I fell in love with my new heart rate monitor at a glance. We became so inseparable that the relationship began to resemble interdependence. When I spotted the heartbeat instead of the birds, I realized the inevitable.
It there was love at first sight. When years ago I put a Polar FT60 heart rate monitor on my wrist and fastened a heart rate belt around my chest, I was sold.
The wristband told me in which heart rate zone I was training, how my heart rate was rippling and how many calories were burning. I was especially pleased to find that I consumed over a thousand kilocalories in a hockey match.
I was able to eat with a good conscience a ham-pineapple-blue cheese pizza with 990 kilocalories.
Always when the workout was done, I started passionately researching the data – and only then did I take a shower.
Our relationship deepened, and I switched to an even better model. We were inseparable. So inseparable that the relationship began to seem already interdependent.
I realized it last winter while walking in the woods. I found myself monitoring my average heart rate all too often and wondering if the number of steps would be full.
Bongas instead of birds heartbeat. It’s about that presence.
When I got home, I pushed the bottom of the heart rate monitor cabinet, and there it stayed.
“The passivity bracelet is a gentle reminder of the importance of rest and calm.”
Heart rate monitor is a great slave but a sad master. I’ve talked to several people about smart and sports watches and found that especially a performance-oriented person can get wrinkles in love.
This happens if you get hooked on the measurement. Slipping from tight goals causes a heartbreaking disappointment: I am a miserable, unattainable carpet.
The relationship between man and meter is in crisis, for example, when a person asks a meter how he or she is doing instead of listening to his or her body and mind.
Or when the heart rate monitor is forgotten at home and the jog suddenly feels pointless. What is the joy of trotting to go when heart rate, heart rate variability, gps positioning, kilometers, steps and minutes are not recovered?
Not even oxygen saturation in the blood!
Docent and Doctor of Psychology Sanna Sinikallio resemble In a news published by the University of Eastern Finlandthat self-measurement creates the illusion of life control.
A person has a need to feel that he has threads in his own hands. In today’s fragmented world, measuring helps us control even some aspect of life, the news states.
We may also think that a person has done something well and right when he is in good shape and good looking.
“I urge caution with these externally dictated norms. However, well-being and health consist of many things, phenomena and experiences, ”says Sinikallio.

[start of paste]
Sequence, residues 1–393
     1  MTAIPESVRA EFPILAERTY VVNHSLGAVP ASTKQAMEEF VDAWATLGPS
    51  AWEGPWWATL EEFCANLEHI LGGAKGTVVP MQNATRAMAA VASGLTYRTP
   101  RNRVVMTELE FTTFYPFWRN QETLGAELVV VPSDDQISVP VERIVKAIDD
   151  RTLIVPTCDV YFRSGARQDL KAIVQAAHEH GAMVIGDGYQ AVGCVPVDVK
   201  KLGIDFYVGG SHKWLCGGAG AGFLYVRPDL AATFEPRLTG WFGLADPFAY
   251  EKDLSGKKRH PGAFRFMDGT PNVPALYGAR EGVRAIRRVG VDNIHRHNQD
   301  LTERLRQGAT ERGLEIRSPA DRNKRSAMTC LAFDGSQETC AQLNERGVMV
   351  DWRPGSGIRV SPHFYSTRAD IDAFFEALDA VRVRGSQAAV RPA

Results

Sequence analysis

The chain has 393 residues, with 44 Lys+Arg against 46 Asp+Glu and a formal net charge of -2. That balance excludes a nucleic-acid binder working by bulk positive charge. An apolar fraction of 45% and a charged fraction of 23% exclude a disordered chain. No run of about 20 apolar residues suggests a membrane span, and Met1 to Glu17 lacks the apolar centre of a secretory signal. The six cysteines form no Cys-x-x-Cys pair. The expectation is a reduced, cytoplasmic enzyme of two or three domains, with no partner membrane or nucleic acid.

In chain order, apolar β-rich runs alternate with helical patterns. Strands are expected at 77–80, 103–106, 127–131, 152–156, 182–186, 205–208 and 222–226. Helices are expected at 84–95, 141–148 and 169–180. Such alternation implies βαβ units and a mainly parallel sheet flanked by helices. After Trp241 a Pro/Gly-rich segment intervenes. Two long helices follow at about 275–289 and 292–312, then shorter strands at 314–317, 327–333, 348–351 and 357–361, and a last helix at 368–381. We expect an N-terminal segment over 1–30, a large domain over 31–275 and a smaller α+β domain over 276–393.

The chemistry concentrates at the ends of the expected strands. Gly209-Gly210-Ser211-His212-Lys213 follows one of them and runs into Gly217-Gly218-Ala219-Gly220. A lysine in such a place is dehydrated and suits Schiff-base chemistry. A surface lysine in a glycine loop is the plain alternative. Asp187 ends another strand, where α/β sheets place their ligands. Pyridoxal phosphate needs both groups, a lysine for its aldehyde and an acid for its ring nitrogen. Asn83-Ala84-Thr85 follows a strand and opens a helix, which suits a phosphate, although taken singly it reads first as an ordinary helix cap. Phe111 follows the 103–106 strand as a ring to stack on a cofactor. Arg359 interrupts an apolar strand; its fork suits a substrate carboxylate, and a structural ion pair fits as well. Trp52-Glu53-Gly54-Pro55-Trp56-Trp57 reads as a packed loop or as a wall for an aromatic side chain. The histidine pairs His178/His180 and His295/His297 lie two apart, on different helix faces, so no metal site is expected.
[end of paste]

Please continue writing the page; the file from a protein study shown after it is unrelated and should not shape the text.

He has indeed countered and acquired for himself a felted “passivity bracelet”.
“It doesn’t give me any measurement data, but it gently reminds me of the importance of rest and calm on the wrist with its sheer warmth.”
I dont want of course be too cruel to smart devices. I and the heart rate monitor in the closet have a lot of good memories.
The clock, for example, rushed me to get moving when I stood in the chair for too long. I didn’t get any flowers from the bull, but when I moved enough, it offered me a happy fireworks display.
The heart rate monitor taught me to know better how my body works in different sports. I also remembered to work out smarter – that is, calm enough.
Without the meter, I would have pulled too often with too hard pulses. Basic fitness when it develops best in a sluggish, so-called basic fitness area.
Admittedly, smart and sports watches may have inaccuracies in heart rate, steps, calories, and in assessing sleep quality.
For a narrower woman’s wrist, heart rate monitors work quite poorly.
HS tested in the laboratory, how well the results of smart and sports watches are true. The results showed that not all watches measure resting and training heart rates correctly, so heart rate zone recommendations do not correspond to reality.
The biggest finding of the test was that the heart rate watches on the narrower woman’s wrist worked quite poorly.
“It is not enough to get some data from the meter, but the interpreter should also be able to use the data,” Elias Lehtonen pointed out.
Even if the watch measures your heart rate accurately, its recommendations may not be true. Watches use formulas that are valid for the average person to calculate heart rate zones.
If you want to get reliable information about your own heart rate zones, you have to go to the laboratory.
One The good thing about heart rate monitors is that they can also inspire non-lobbyists to get moving and support everyday activity.
My relative approaching retirement age recently bought an activity bracelet and set herself a moderate number of steps.
She rejoices in her wristband every day and is excited to do even more walks. It does matter.
I wish my relative and meter a long and meaningful relationship.
PS Let me acknowledge, that I have started a small aspect ratio. At the end of the day, I sneak into my cell phone to see how many of those steps came.
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